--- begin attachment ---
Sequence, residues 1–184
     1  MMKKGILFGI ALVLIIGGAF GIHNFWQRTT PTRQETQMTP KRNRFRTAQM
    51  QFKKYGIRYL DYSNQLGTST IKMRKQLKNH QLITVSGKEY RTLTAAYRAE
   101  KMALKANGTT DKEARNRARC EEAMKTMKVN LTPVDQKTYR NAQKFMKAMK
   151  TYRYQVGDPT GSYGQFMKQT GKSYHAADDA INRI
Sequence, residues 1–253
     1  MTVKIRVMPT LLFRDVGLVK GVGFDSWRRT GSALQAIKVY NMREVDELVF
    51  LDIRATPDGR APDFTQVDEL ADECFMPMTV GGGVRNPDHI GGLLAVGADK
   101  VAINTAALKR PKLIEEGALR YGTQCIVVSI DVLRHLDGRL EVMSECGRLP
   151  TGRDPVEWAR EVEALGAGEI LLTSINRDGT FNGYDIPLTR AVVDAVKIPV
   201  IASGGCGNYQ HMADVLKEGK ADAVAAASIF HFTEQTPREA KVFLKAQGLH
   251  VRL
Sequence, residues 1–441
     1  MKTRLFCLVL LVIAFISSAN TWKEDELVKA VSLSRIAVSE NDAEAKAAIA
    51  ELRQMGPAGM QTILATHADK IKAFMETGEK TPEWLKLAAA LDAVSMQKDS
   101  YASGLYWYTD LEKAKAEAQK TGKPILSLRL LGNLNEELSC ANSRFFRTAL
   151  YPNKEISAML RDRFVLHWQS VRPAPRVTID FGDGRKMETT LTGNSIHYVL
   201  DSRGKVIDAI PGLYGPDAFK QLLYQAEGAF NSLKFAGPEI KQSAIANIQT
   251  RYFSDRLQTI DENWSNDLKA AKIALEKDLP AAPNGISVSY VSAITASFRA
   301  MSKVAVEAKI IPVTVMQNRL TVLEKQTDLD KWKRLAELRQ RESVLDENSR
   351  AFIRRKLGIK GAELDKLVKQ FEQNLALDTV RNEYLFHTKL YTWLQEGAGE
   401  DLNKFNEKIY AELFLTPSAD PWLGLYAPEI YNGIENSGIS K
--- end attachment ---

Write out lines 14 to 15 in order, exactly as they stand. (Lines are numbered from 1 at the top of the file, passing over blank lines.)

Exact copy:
     1  MKTRLFCLVL LVIAFISSAN TWKEDELVKA VSLSRIAVSE NDAEAKAAIA
    51  ELRQMGPAGM QTILATHADK IKAFMETGEK TPEWLKLAAA LDAVSMQKDS